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Reading diary 2019, #6

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My reading seems to be all over the place of late. Mostly it’s because I’ve been limiting myself to buying ebooks, and only when they’re cheap. I did bring some books with me, and I bought a few at the recent Swecon, but I put a lot of unread books into storage. So with less to choose from, my reading has proven less planned. Ah well.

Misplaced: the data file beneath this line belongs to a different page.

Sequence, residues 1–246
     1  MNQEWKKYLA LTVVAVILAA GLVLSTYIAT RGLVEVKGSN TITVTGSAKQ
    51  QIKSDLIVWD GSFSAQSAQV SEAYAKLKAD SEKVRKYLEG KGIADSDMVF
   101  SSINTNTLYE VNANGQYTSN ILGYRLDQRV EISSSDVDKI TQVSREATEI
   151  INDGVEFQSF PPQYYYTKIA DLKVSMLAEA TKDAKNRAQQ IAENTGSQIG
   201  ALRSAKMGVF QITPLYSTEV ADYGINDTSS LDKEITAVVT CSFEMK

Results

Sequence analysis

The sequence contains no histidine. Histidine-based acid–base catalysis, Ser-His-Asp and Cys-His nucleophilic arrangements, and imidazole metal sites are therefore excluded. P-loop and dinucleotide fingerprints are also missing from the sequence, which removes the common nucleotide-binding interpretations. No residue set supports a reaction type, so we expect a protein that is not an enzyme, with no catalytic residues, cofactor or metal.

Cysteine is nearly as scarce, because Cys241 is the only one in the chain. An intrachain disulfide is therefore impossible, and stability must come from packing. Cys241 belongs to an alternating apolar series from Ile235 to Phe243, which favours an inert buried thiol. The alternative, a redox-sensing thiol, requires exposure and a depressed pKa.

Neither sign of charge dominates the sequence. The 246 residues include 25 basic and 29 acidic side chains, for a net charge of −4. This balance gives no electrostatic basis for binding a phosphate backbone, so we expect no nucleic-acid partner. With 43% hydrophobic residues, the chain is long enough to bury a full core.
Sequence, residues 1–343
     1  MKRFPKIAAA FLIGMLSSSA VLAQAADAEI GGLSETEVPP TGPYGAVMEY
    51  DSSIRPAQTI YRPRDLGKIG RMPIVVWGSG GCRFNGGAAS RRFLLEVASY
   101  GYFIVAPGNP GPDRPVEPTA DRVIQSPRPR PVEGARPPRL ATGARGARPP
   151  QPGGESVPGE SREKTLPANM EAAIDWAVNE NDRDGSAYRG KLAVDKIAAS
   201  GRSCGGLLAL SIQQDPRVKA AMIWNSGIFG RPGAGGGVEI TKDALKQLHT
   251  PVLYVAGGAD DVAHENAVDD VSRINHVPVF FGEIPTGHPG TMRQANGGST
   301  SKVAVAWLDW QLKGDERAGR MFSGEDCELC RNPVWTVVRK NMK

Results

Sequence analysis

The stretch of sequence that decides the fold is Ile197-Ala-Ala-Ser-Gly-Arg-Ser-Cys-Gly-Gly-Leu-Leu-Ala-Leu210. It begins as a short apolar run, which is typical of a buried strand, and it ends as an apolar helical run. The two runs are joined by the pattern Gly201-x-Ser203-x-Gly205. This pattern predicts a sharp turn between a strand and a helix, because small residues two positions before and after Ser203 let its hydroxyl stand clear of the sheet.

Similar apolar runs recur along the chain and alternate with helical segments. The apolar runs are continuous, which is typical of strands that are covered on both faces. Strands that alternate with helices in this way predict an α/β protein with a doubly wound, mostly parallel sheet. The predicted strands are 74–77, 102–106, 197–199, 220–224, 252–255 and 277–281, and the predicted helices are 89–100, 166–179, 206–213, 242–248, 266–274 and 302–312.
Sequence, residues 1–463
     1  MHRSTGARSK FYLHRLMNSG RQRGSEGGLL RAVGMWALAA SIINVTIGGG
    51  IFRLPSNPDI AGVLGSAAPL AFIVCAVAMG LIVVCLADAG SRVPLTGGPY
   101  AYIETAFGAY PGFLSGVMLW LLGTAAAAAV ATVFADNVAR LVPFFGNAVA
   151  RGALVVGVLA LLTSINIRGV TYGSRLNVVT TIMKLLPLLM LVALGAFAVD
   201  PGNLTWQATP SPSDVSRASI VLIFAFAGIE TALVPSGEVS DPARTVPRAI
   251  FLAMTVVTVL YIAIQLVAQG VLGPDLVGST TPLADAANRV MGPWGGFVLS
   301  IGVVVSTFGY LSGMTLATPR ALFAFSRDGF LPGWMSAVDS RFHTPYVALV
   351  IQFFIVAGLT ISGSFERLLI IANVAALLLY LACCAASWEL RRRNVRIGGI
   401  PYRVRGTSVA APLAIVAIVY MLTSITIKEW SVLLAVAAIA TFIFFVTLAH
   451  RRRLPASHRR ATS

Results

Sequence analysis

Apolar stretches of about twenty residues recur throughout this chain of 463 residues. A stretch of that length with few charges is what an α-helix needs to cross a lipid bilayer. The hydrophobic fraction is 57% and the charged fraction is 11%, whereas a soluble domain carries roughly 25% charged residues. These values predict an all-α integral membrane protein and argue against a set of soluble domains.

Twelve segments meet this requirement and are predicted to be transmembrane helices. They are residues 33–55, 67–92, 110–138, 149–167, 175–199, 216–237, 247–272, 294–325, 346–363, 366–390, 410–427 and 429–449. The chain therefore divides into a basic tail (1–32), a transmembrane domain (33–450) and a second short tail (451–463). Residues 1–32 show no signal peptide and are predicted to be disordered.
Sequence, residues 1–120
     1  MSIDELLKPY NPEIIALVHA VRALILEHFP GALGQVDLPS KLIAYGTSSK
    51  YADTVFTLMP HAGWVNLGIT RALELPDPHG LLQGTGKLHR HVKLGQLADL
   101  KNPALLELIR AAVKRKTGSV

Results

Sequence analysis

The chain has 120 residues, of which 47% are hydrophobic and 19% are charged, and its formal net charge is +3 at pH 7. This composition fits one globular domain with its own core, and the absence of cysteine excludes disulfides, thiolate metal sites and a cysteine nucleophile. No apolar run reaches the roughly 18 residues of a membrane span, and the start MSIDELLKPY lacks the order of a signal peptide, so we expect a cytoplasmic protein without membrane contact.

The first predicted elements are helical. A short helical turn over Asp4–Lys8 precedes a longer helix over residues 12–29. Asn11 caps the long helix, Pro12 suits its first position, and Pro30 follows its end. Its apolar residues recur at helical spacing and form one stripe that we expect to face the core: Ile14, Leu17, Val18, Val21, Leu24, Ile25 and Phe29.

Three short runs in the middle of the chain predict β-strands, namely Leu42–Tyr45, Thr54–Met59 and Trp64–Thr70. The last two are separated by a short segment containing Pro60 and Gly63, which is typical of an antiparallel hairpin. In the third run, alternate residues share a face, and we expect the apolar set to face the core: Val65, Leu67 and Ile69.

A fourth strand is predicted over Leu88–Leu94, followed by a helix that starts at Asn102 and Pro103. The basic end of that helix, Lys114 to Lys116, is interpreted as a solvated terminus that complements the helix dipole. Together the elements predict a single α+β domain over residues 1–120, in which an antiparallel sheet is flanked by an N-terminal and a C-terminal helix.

X, Sue Grafton (2015, USA). I’ve been a fan of Grafton’s Kinsey Millhone novels since discovering them back in the mid-nineties. As well as being good crime novels with an engaging narrator, Grafton’s decision to keep the internal chronology consistent irrespective of how long it took her to produce a novel has meant each book has slipped further and further back into the past. Even now, thirty-seven years after the series began – or rather, thirty-three years from A to X – and X is still set in the 1980s, albeit towards the end of the decade. Millhone is hired by a local rich woman to check up on the son she gave up for adoption decades before, and who has just been released from prison after committing a string of burglaries. She does as asked but then discovers the man was no relation… and that the rich woman is the estranged wife of millionaire, and the two are trying to screw as much money out of each other as possible. Throw in a string of missing women and the man responsible for their deaths, identified by Milhone, and who then begins stalk her. Plus an elderly couple who have moved into Milhone’s neighbourhood but do not prove to be who they claim… It’s a bit busier than most of the Milhone novels, and the millionaire man and wife plot actually has a happy end; but these are good books and definitely worth reading.